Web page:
Keep Your Phone Charged During A Power Outage Or Natural Disaster
Keep Your Phone Charged During Natural Disasters
Don't Get Stuck With A Dead Phone
In the summer of 2012 on June 29th, while travelling four hours away from home to visit some friends the historic derecho storm of 2012 struck. The parts of Virginia I was travelling through were hit pretty severely with powerful gusts of wind requiring extra caution on I-81 and several trees downed left and right along I-64. The drive itself was terrifying in and of itself, I recall but what scared me most was the fact that my phone, which had been fully charged before leaving work was rapidly draining. I blame that mostly on stupidly leaving GPS turned on and the Maps app running.
Luckily I had a GPS unit in the car so I didn't get lost, but I arrived at my destination with less than 5% battery remaining, after turning it off to save that last bit of juice for an emergency. Rather than trying to make a call and possibly run into an overloaded cell network message I texted my family to let them know I had arrived safely and made sure everything was ok at home. Everybody was fine, except for an old shed and oak tree in the backyard that had an unfortunate meeting together and the power being out. Knowing my parents and grandparents were all fine I finished up my visit and returned home two days later.
Little did I know that the power would be off until the next Sunday. Luckily my family had bought a generator a few years ago which kept the essentials like food cold, kept the well pump running for water and ran lights and a window air conditioner to keep the house cool. For smaller devices like phones and batteries for flashlights, we charged them off my small solar kit I had bought from Harbor Freight so that we didn't need to run the generator all the time and waste fuel. I kept thinking about how stressful it was though on that long drive not having a charger that I could keep in the car or an extra battery.
Quick Tips For Keeping Your Phone Charged During A Power Outage Or Natural Disaster
Make your battery charge last as long as possible by turning off Bluetooth, GPS and your data connection and set your screen timeout as short as is comfortable until you absolutely need those items on.
When using a 12 Volt to USB adapter, make sure your vehicle shuts off your 12 volt outlet when it is turned off or the key is removed. If not, remove the adapter to make sure you don't end up with a dead car battery.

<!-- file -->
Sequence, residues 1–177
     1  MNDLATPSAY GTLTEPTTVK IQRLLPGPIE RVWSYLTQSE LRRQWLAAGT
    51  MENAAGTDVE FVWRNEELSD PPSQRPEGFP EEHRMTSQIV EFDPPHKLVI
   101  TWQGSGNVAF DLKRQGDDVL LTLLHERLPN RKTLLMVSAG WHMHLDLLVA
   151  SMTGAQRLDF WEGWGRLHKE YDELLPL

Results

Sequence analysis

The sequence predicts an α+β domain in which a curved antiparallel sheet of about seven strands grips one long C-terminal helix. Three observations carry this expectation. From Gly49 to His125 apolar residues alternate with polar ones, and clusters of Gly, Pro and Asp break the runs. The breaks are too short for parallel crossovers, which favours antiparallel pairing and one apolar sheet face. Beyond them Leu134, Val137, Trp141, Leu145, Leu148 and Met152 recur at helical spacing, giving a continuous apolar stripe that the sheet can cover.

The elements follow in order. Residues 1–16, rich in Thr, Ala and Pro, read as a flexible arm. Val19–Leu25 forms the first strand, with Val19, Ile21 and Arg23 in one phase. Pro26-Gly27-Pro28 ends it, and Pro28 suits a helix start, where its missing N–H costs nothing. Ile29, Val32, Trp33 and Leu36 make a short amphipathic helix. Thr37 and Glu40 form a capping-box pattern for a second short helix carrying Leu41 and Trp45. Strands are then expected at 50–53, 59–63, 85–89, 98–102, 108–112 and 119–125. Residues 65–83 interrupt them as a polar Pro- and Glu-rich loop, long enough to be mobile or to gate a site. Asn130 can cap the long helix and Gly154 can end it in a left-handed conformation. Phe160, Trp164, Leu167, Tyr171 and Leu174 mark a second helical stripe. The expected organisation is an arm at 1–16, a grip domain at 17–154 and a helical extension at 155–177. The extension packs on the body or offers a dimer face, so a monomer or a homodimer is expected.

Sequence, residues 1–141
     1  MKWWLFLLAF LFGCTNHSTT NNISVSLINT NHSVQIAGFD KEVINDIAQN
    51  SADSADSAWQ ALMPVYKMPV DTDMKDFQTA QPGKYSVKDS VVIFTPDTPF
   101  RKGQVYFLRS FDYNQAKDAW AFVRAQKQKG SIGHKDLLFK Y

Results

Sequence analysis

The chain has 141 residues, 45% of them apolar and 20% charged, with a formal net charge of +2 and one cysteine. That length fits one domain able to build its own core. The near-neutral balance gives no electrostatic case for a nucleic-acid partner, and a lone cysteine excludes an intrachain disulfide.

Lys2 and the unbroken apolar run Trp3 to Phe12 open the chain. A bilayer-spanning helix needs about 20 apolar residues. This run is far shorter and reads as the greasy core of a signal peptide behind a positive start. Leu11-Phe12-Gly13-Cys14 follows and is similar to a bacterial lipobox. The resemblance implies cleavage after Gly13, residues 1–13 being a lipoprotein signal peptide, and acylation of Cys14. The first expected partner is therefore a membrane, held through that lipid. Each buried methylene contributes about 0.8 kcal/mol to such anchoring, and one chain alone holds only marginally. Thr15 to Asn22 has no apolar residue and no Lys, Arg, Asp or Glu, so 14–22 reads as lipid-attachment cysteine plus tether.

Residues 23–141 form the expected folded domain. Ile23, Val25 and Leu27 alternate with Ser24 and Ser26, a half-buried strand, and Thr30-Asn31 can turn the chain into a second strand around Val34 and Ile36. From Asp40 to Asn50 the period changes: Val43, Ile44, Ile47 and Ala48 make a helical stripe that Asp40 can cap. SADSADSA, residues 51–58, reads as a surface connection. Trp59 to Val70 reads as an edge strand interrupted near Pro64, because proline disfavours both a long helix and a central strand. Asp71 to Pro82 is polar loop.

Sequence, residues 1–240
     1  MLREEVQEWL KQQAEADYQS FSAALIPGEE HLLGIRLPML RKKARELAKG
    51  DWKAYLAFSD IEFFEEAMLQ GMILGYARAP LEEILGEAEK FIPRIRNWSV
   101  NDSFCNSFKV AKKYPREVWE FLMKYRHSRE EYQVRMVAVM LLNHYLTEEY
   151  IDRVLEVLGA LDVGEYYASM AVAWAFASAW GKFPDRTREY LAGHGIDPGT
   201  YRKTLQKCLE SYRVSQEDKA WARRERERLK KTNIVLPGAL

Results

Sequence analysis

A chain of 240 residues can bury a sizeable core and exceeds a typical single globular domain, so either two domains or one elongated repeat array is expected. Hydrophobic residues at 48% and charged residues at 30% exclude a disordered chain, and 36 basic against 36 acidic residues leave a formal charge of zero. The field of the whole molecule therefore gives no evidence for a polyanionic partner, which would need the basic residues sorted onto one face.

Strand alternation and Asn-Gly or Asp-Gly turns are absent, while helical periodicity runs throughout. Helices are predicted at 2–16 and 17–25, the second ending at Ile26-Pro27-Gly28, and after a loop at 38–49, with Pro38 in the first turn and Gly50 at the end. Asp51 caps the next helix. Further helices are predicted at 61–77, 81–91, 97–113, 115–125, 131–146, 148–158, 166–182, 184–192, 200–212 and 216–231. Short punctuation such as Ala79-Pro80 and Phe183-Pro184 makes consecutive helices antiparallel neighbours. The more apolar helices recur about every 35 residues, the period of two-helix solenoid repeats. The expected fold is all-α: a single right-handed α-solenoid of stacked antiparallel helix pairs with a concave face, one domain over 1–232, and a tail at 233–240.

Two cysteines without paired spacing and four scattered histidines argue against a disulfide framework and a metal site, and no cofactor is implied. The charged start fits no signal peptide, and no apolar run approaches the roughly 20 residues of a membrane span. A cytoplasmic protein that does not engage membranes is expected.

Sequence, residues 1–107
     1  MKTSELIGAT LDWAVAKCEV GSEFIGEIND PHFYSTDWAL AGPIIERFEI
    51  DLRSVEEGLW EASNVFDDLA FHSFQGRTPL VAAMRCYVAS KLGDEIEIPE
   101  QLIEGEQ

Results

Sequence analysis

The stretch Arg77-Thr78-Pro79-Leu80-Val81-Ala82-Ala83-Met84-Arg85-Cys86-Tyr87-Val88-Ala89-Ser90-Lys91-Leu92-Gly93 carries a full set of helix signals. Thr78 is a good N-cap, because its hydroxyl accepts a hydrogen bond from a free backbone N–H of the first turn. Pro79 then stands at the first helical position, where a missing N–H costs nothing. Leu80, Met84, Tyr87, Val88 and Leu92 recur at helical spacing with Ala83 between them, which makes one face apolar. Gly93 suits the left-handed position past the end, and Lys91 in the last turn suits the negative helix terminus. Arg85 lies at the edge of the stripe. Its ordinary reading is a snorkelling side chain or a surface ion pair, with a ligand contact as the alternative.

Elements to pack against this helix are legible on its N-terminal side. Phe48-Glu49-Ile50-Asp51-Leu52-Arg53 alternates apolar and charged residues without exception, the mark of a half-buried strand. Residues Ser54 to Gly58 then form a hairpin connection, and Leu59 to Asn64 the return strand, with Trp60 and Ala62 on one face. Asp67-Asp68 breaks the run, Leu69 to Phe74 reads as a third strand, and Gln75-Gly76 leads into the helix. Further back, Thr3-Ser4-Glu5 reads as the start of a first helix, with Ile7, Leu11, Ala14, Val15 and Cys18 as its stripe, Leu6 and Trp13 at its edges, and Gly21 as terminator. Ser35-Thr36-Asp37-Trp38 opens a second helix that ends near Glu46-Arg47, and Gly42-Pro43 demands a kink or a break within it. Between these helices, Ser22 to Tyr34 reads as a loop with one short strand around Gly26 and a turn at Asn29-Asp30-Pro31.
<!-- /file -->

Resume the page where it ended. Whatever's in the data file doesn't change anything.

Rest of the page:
When buying an external power bank or 12 Volt adapter, look for those that provide both 1A and 2 or 2.1A charging ports, and those with two ports may be more useful.
When shopping for an external battery pack/power bank look for one that stores at least twice the amount of charge as what your phone's battery holds, even more is better.
Most external power banks charge via USB cables. Look for one that charges using the micro USB tip that most smart phones will charge with, letting you use the same charger for both.
Spare Batteries And Charger
Not wanting to go through that experience again, I looked at several options. Most of them are fairly cheap solutions to avoid being caught with a low battery or dead smart phone. First, I looked at buying spare batteries with an external charge. Some can be fairly cheap and are simple enough, you charge one battery up, swap in a full one into your phone and put the used on the charger to recharge it.
Now, for some phones, and I'm looking more so at Apple here, you can't swap out the battery without actually taking the whole phone apart and voiding your warranty. This won't be an option for those of you with an iPhone or any other phone that isn't designed to allow your battery to be easily removed and swapped. Now my phone does allow for that, but having done the same thing with a previous phone and realizing that no, not all phones use the same batteries and not wanting to have to buy another charger and battery pair anytime I upgrade my phone I decided against this.
12 Volt To USB Adapter
Travel-wise, for any phone out there it is always a great idea to get a 12 volt USB car adapter. These are designed to just plug into your 12 volt or cigarette lighter outlet in your vehicle and allow you to connect at least one or two devices. Some of these 12 volt adapters have a micro USB cable hard wired in already but in my experience, through wear and tear in the car, those cables typically get shredded pretty fast, so I'd recommend just buying an adapter that only has the ports on it and just get USB cables separately so that you can replace them when they need to be rather than buying a whole new adapter.